Bay Area Activists Keep Peace Issues Alive

By Abercrombie, Sharon | National Catholic Reporter, January 26, 1996 | Go to article overview

Bay Area Activists Keep Peace Issues Alive


Abercrombie, Sharon, National Catholic Reporter


OAKLAND, Calif. -- They move in the same circles of concern. They have often prayed and read scripture together during Friday vigils at Livermore Laboratories, a nuclear research facility located in the East Bay area of California.

Their spiritual heroes are the prophets of the Hebrew Scriptures, Jesus and modern figures such as Martin Luther King, Daniel and Philip Berrigan, Mohandas Gandhi and Dorothy Day. Finally, they have civil disobedience and jail in common.

Fr. Bill O'Donnell, pastor of St. Joseph the Worker Parish in Berkeley, counts his civil disobedience arrests well over 100. Jesuit Fr. Steve Kelly, an associate pastor at Holy Redeemer Parish in San Jose, and Ukiah, Calif., schoolteacher Susan Crane are currently in jail, awaiting sentencing for a Plowshares action at a Lockheed Corp. facility in Sunnyvale. Kelly and Crane are among 40 pacifists who since 1984, as a part of the Plowshares movement, have symbolically converted "swords into plowshares" at a host of nuclear weapons facilities including those in Rhode Island, Wisconsin, Colorado, Michigan, Virginia, Australia, Holland and New Zealand.

The three find it unconscionable that the U.S. government pours millions. of dollars into the continued development of nuclear weaponry while people go and hungry.

Kelly risked federal imprisonment because of his conviction that "the first step to nuclear disarmament is to stop testing the weapons." He believes his actions of pouring blood and hammering are a way of taking personal responsibility for disarmament and ending weapons testing.

Crane, an Anglican, said her actions have been influenced by Kelly and O'Donnell as well as by Fr. Louis Vitale, founder of the Nevada Desert Experience, and other East Bay activists.

What is it about the Bay that produces such a trio as Crane, Kelly and O'Donnell? Similar activism occurs elsewhere throughout the country, but Kelly and O'Donnell agreed there is "something unique about this area."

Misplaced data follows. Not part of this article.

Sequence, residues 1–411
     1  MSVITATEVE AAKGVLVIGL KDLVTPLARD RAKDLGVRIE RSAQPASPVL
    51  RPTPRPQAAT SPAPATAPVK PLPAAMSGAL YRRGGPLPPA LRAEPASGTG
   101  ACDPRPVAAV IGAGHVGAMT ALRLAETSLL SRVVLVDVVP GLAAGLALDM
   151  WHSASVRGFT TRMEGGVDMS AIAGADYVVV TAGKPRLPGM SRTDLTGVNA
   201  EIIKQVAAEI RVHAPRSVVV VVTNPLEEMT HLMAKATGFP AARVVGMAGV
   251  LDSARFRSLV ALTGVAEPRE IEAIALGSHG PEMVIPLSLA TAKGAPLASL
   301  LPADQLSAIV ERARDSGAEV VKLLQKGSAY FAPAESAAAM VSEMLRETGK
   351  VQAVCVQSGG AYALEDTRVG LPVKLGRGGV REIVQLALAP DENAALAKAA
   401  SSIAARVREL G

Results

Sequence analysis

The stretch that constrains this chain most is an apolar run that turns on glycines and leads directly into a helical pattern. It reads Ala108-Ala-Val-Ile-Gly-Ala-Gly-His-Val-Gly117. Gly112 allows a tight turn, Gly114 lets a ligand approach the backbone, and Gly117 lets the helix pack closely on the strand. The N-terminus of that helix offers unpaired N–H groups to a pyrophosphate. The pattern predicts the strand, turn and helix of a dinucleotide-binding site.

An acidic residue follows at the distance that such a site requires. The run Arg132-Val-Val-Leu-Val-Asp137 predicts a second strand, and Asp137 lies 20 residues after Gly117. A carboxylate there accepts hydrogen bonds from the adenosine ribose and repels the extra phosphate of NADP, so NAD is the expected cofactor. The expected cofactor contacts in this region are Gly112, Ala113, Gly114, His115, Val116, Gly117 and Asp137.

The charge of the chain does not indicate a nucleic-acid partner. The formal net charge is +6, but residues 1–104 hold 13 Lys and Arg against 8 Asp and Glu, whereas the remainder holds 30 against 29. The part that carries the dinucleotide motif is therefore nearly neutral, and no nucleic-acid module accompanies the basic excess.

"We're blessed with good weather, a special openness to a diversity of ideas and lifestyles and a myriad of social activists who have the need to say something," said Kelly.

O'Donnell believes the Bay area is "the last bastion of American patriotic values, and we're the real patriots. The others are faking it." O'Donnell defines patriotism as taking care of children as well as the poor, the sick and the homeless.

"The health of a nation can be judged by the way it treats its poor," he said. "Our nation is becoming sicker and sicker because of snake-oil doctors like Newt Gin-Rich," he said, parodying the name of the Republican speaker of the House.

O'Donnell said he derives his spirituality not only from the contemporary thinkers like Martin Luther King and Gandhi, but also from the mysticism of saints and poets who look at the preciousness of the human person. "If we're not precious, there is no God. Our beauty is God's glory. It becomes a blasphemy when people are ignored."

Since 1969, O'Donnell has been to 168 protests or demonstrations; he said he has left every one of them in the custody of the police.

He first engaged in civil disobedience during a rally called by Cesar Chavez on behalf of farm workers.

His latest: climbing over the fence of the Indonesian consulate in San Francisco Nov. 13, 1995, to protest the December 1991 massacre by Indonesian military of 270 people. Those killed were attending a memorial service at Santa Cruz cemetery in Dili, East Timor, honoring two pro-independence activists.

East Timor, a former Portuguese colony located on an island north of Australia, was illegally invaded 21 years ago by Indonesia, using planes and weapons financed by the U.S. military. The United States discontinued its support four years ago because of human rights violations by Jakarta in East Timor, but is preparing to reinstate its former arrangement, said the Rev. John Chamberlain, director of the East Timor Religious Outreach in San Francisco. …

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